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A Special Place for Blog Lovers with a Touch of Science!

Editor’s pick: Georg Simmel

Credit: Gettyimages

Excerpts from The Sociology of Secrecy and of Secret Societies (1906)

"Since one never can absolutely know another, as this would mean knowledge of every particular thought and feeling; since we must rather form a conception of a personal unity out of the fragments of another person in which alone he is accessible to us, the unity so formed necessarily depends upon that portion of the Other which our standpoint toward him permits us to see."


"Our fellowman either may voluntarily reveal to us the truth about himself, or by dissimulation he may deceive us as to the truth. No other object of knowledge can thus of its own initiative, either enlighten us with reference to itself or conceal itself, as a human being can. No other knowable object modifies its conduct from consideration of its being understood or misunderstood."

"Primitive man, living in communities of restricted extent, providing for his needs by his own production or by direct co-operation, limiting his spiritual interests to personal experience or to simple tradition, surveys and controls the material of his existence more easily and completely than the man of higher culture. In the latter case, life rests upon a thousand presuppositions which the individual can never trace back to their origins, and verify; but which he must accept upon faith and belief. In a much wider degree than people are accustomed to realize, modern civilized life—from the economic system which is constantly becoming more and more a credit-economy, to the pursuit of science, in which the majority of investigators must use countless results obtained by others, and not directly subject to verification—depends upon faith in the honor of others. We rest our most serious decisions upon a complicated system of conceptions, the majority of which presuppose confidence that we have not been deceived. Hence prevarication in modern circumstances becomes something much more devastating, something placing the foundations of life much more in jeopardy, than was earlier the case."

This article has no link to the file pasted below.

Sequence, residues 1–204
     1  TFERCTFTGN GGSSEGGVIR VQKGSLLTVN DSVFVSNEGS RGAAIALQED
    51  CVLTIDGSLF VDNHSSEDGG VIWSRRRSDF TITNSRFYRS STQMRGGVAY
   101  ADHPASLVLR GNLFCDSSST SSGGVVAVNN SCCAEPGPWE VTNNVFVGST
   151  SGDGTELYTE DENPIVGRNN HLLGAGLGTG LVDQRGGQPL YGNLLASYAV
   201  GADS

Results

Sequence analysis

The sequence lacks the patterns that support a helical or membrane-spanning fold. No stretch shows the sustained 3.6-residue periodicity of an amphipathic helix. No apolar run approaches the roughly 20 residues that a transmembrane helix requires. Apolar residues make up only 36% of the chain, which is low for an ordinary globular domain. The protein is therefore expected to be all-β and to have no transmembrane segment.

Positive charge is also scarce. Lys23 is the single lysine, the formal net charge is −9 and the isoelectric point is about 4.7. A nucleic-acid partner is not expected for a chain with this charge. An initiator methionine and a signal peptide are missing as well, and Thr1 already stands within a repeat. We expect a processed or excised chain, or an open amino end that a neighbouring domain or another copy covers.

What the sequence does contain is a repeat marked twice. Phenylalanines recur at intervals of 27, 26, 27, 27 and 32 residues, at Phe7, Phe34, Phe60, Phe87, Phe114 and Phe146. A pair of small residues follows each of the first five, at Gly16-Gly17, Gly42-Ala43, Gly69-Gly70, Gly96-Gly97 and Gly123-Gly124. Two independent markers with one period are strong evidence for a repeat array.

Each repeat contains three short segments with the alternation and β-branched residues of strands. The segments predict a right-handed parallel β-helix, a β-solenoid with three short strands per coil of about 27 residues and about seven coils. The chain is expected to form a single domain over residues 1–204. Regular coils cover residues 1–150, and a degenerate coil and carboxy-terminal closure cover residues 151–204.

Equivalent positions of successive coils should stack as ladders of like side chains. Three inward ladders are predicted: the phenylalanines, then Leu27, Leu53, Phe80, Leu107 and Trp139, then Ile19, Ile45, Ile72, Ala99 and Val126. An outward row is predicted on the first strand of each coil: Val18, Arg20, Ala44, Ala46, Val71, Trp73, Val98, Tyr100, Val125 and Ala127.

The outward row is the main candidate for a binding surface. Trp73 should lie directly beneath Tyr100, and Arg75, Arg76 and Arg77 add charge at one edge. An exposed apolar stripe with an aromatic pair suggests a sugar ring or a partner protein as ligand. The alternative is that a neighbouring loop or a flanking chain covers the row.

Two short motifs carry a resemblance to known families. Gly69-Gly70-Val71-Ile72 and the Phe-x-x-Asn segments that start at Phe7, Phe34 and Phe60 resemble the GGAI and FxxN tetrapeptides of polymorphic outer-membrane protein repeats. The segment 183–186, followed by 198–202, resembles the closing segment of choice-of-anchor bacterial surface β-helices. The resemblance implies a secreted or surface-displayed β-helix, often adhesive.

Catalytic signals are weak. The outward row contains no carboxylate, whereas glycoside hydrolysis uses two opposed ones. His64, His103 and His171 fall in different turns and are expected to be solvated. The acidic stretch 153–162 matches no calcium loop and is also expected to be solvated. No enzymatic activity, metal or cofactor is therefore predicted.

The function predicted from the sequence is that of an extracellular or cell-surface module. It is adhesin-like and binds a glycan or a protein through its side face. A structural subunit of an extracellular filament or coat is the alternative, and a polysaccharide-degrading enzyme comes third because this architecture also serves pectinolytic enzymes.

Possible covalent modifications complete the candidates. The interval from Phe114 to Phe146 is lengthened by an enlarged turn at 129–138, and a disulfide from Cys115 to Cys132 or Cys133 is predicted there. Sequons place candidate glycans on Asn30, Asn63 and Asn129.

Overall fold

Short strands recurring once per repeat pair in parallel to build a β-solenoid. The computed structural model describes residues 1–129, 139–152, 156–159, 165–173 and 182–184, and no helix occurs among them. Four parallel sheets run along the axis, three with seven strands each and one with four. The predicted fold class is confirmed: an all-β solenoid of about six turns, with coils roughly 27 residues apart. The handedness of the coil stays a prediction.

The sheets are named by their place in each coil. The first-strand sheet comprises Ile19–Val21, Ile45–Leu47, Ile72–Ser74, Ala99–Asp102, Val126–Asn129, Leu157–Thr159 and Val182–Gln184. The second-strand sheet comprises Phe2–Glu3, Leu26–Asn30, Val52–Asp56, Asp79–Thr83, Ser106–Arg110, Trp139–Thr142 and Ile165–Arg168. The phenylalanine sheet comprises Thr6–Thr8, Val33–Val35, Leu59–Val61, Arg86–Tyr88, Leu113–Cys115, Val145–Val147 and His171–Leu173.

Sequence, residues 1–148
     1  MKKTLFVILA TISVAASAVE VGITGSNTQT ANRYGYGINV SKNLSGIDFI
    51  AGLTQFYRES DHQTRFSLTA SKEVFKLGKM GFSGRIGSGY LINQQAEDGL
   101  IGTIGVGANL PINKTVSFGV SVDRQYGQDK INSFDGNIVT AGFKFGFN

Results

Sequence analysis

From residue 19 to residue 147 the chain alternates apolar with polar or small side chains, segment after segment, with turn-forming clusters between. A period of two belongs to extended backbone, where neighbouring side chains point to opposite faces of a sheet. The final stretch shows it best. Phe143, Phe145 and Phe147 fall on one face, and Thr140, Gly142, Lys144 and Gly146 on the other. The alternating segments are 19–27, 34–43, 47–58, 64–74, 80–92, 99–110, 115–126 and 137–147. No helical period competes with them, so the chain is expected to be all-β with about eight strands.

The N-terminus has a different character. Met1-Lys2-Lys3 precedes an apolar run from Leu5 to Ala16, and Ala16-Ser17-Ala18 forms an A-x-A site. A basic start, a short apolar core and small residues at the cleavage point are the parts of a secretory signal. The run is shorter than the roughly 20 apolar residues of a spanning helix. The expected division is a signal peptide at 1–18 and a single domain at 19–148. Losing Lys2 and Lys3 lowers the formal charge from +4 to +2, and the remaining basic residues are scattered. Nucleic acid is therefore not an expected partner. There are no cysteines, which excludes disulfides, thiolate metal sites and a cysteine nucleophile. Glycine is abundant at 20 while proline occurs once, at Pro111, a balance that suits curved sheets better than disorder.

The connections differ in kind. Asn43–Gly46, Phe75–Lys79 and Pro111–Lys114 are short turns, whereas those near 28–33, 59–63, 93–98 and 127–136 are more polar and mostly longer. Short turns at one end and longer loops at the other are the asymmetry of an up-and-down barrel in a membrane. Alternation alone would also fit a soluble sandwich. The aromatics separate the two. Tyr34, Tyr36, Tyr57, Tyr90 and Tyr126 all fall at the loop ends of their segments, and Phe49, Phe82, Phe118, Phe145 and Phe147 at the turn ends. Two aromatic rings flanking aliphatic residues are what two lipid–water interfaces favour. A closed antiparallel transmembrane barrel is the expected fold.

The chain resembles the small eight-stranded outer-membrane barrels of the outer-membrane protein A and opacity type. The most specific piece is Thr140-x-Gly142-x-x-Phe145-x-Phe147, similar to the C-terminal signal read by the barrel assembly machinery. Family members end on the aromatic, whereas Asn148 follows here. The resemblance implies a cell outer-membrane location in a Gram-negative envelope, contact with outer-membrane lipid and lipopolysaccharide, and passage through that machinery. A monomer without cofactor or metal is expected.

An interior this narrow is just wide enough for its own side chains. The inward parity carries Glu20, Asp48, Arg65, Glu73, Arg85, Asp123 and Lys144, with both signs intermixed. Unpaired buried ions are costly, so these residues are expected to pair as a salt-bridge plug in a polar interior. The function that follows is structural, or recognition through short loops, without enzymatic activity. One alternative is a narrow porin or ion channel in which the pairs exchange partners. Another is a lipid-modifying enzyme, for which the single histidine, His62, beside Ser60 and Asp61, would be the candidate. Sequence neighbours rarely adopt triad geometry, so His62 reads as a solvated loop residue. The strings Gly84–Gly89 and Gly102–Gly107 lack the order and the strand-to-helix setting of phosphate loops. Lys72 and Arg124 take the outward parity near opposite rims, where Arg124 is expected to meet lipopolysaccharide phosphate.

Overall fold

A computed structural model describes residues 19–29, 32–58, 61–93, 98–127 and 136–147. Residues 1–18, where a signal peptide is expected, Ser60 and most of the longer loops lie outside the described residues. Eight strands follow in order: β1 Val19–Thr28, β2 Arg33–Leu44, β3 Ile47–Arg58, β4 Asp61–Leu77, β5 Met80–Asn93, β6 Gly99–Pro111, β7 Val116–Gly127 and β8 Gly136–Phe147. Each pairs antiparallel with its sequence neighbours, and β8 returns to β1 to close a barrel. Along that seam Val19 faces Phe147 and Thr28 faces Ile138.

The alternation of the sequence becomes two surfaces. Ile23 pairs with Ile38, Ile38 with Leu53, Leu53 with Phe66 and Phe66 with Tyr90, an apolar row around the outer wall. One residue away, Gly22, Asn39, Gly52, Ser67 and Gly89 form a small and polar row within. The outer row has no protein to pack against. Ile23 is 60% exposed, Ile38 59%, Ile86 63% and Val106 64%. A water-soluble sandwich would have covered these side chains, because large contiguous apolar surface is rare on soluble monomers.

Georg Simmel

Georg Simmel (1 March 1858 – 26 September 1918) was a German sociologist, philosopher, and critic. He was influential in the field of sociology. Simmel was one of the first generations of German sociologists: his neo-Kantian approach laid the foundations for sociological antipositivism, asking what is society?—directly alluding to Kant's what is nature?— presenting pioneering analyses of social individuality and fragmentation. For Simmel, culture referred to "the cultivation of individuals through the agency of external forms which have been objectified in the course of history." Simmel discussed social and cultural phenomena in terms of "forms" and "contents" with a transient relationship, wherein form becomes content, and vice versa dependent on context. In this sense, Simmel was a forerunner to structuralist styles of reasoning in the social sciences. With his work on the metropolis, Simmel would also be a precursor of urban sociology, symbolic interactionism, and social network analysis

Simmel's most famous works today are The Problems of the Philosophy of History (1892), The Philosophy of Money (1900), The Metropolis and Mental Life (1903), and Fundamental Questions of Sociology (1917), as well as Soziologie (1908), which compiles various essays of Simmel's, including "The Stranger", "The Social Boundary", "The Sociology of the Senses", "The Sociology of Space", and "On The Spatial Projections of Social Forms". He also wrote extensively on the philosophy of Schopenhauer and Nietzsche, as well on art, most notably through his Rembrandt: An Essay in the Philosophy of Art (1916).

Source: Wikipedia

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